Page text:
In her offices

La presidenta

Intelligent and articulate, Fernández actively pursues the socially inclusive agenda of her heroine, Eva Perón, who had dutifully followed her own husband, Juan Perón, into the political arena. Evita eventually eclipsed him to become an iconic figure that sought to redress the inequalities between rich and poor. Her biography, La Razón De Mi Vida (The Mission Of My Life), is one of Fernández’s favourite books from growing up and, she has said, still occupies a place beside her bed.

As first lady, she was champion of the underclass and together the Kirchner-Fernández government made a mission out of cutting the wealth gap by half. This was helped by the fact that they were in office during one of the most successful financial periods in the country’s history – Argentina was only behind China and India in economic growth, driven by Argentina’s agricultural exports. The husband and wife team were hailed as a dynasty that could rival the Peróns.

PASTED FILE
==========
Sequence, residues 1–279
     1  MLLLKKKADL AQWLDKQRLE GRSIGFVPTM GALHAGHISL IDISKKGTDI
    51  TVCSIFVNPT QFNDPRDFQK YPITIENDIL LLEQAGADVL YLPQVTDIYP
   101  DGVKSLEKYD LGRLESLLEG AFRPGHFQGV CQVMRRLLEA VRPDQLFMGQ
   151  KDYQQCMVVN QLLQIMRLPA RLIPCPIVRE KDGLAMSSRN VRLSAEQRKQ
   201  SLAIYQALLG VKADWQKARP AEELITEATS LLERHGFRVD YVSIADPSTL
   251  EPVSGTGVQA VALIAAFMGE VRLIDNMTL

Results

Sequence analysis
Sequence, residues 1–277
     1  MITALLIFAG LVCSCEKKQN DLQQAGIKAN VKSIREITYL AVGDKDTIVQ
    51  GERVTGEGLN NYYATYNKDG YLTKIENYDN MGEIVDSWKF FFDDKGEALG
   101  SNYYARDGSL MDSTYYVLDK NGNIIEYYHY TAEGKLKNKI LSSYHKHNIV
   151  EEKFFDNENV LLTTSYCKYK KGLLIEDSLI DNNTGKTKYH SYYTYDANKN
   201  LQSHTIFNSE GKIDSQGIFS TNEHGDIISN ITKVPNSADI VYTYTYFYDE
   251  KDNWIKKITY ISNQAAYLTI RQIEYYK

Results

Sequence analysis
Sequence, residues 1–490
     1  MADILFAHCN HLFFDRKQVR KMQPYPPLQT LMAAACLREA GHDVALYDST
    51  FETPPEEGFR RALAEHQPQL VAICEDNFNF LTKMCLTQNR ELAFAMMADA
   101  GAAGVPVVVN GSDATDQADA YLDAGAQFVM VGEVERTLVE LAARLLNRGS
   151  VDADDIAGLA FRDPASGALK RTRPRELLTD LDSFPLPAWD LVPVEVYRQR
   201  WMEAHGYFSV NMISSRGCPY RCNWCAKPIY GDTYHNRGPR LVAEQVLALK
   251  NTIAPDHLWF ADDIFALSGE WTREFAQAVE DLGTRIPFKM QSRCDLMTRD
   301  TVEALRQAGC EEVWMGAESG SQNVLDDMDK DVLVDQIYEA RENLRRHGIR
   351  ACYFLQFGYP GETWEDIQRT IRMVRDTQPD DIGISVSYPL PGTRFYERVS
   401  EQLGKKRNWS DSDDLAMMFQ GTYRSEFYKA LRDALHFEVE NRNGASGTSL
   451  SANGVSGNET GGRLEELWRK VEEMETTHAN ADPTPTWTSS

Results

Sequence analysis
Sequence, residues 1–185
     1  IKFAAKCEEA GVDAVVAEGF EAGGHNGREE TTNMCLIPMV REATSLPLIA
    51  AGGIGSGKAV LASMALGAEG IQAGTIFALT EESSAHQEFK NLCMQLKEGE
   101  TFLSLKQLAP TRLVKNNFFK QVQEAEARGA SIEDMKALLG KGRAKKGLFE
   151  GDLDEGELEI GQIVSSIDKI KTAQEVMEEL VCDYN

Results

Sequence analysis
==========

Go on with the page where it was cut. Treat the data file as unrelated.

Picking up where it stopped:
In 2007, with Kirchner’s term limits in mind (the president of Argentina can only serve two consecutive four-year terms), the decision was taken to extend that dynasty. “Popular opinion is that a plan was hatched for Kirchner to bequeath the presidency to his wife, who would run and win, and then stand for re-election once her term had expired so they would get 12 years of governance rather than just eight,” Carolina Barros, editor-in-chief of the English language Buenos Aires Herald, tells Stylist.